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The Politics of Virtue Today: A Critique and a Proposal

Originally published in American Political Science Review 87 (2), 1993
  • Shelley Burtt
Chapter

Abstract

Burtt initially distinguishes various strands of thought on civic virtue, particularly a public, participatory republican version (e.g., Rousseau or Tocqueville) and a more private, less participatory liberal orientation (e.g., J. S. Mill). Then, drawing especially on Machiavelli and Rousseau, Burtt argues that classical conceptions of civic virtue simply demand too much from humans who are typically concerned with personal ambition and comfort. Burtt finds that some contemporary versions of civic virtue (Barber 1984; Bellah et al. 1985; Etzioni 1996; Sandel 1982; 1996) are similarly unrealistic. Finally, drawing on the eighteenth-century English classic Cato’s Letters and two contemporary American political analysts (Elkin 1987;Ackerman 1984), Burtt argues that civic virtue can be envisioned in a much more practical and socially salutary way by basing it on citizen self-interest.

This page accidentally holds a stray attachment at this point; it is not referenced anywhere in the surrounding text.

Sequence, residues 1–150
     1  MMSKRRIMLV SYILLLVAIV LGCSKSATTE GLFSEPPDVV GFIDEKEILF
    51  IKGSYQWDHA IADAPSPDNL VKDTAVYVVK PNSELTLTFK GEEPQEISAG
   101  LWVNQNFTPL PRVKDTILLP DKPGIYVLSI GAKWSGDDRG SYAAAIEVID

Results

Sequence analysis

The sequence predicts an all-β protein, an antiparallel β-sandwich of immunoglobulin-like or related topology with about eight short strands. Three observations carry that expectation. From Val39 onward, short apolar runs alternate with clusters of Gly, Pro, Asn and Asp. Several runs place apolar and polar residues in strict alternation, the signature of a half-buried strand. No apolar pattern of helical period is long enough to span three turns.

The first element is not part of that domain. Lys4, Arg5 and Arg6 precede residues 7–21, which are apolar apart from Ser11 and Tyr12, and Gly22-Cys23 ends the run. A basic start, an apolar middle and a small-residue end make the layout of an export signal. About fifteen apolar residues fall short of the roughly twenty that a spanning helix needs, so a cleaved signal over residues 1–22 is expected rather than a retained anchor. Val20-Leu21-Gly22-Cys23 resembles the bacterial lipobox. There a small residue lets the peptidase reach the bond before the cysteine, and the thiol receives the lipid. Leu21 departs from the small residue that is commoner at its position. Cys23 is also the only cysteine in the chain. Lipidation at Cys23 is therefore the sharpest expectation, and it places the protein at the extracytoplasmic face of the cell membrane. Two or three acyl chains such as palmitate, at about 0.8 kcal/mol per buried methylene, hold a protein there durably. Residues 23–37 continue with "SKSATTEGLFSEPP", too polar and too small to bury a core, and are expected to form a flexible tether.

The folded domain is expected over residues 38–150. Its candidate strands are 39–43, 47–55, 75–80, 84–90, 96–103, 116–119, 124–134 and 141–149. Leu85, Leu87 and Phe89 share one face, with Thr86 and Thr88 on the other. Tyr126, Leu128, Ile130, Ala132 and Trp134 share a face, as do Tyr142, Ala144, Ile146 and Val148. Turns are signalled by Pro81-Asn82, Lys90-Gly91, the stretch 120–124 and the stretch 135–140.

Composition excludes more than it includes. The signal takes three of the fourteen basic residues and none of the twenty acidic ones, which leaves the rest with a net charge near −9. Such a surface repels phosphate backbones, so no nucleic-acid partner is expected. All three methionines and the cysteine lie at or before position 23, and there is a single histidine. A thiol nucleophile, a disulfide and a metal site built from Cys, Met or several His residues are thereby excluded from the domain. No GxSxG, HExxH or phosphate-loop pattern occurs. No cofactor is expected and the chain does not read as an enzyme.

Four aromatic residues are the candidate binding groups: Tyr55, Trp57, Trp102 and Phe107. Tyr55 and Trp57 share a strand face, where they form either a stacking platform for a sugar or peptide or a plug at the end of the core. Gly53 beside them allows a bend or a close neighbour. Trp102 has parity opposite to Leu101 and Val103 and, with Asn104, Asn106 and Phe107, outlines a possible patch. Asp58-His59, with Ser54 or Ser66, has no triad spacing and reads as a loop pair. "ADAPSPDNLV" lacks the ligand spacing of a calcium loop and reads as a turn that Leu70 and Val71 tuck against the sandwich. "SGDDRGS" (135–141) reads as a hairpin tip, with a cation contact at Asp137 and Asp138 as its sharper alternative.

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Copyright information

© Lane Crothers and Charles Lockhart 2000

Authors and Affiliations

  • Shelley Burtt

There are no affiliations available

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